Another annoying tendency of politicians on the NRA payroll is to deflect the focus completely out of the picture frame.  Imagine if I had focused on the orange and then moved my camera until the fruit was no longer in the frame.  I might get a pleasing image, but it would no longer be relevant to the subject.  This is what happens when NRA toadies start talking about mental illness or video games.  The entire world has access to violent video games.  The entire world has mental illness.  Outside of war zones, no country has an epidemic of gun deaths even approaching what we have.  The only relevant difference between us and them is access to guns. Gun control advocates need to learn to talk about the whole picture.  Too often they play into the hand of the NRA by calling for “assault” weapons bans after an incident where someone uses one to kill a group of people.

My opinion is that guns should be like cars.  You should have to have training, a license, and insurance.  All ammunition should be traceable to point of sale and purchaser. All gun laws should be national to prevent someone from buying 100 handguns in Montana, driving to Chicago, and selling them out of the trunk of his car without a background check. And those background checks should be mandatory, exhaustive, and include a significant waiting period. I think this will stand up to the second amendment, but if not, maybe we need to repeal it.

Is that focused enough?



For this post, I’m going all the way back to 2005, when I bought my first DSLR and went to Vietnam and Cambodia on a whirlwind low budget two week trip.  I mean seriously low budget.  My friend Franz and I got a room together in Hanoi for $6 a night, and our room in Siem Reap by Angkor Wat was $4. We were there before the tourism boom, and were still able to climb all over the temples in Cambodia. It was magical.  I spent years thereafter trying to find the next Angkor Wat, finally realizing in Mandalay in 2013 that you don’t ever find it again, and that you cheapen each new experience by comparing it to the precious memory.

Anyway, I was very much a beginning photographer at this point, and still calling myself “a painter with a really good camera.”  When I got home, I took my new camera on a couple local excursions, including one to the Chiricahua National Monument.  I took images from Angkor Wat and used Photoshop to combine them with images from the Chiricahuas in a series called Juxtapositions.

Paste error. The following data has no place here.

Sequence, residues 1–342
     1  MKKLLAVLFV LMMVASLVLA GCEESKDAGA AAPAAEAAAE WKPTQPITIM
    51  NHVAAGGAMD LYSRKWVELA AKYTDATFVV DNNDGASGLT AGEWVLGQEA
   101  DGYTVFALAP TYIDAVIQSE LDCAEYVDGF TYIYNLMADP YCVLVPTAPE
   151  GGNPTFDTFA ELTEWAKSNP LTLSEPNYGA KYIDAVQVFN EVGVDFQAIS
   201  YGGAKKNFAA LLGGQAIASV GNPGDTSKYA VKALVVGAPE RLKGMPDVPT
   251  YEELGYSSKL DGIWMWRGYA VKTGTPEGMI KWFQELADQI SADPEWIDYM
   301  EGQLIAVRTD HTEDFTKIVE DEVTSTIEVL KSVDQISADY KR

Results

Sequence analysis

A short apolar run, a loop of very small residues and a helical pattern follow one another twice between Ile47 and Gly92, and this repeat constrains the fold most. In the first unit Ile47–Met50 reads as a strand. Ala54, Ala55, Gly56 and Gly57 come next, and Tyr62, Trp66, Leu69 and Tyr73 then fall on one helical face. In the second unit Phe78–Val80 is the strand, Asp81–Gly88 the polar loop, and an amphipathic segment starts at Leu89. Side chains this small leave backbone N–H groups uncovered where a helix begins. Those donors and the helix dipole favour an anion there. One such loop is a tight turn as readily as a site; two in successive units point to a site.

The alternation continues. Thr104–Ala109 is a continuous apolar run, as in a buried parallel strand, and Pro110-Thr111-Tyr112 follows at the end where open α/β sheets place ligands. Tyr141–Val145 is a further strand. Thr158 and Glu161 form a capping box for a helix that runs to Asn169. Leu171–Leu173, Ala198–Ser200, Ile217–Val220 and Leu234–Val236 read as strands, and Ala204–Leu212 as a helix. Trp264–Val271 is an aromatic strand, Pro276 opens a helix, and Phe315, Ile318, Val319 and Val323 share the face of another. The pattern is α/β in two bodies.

I still find the results of this photoplay magical.  Parallels and similarities exist in the most disparate places and environments.  All you have to do is look and you will find them.


This was the first image I made.  Something about the natural erosion of the rock being at the root of the temple design.  I’m sure someone more skilled than I at Photoshop could manipulate the connection between the two images to be more seamless and organic, but I kind of like that you see them as connected at first and then the hard edge between them delineates their separation.


This last one is maybe a bit more subtle.  I love the shape between the mountain ridge and the statue’s neckline.  There was a teacher at Pratt who taught me to see.  I remember him holding his hands up, palm facing palm, parallel and saying “this isn’t beautiful.”  Then he slightly altered the angle and position of each so they were no longer parallel but complimentary and said “this is.”  I am certain that those weren’t the exact words he used, but I understood in that moment how to juxtapose two things together.

If only it were so easy with people.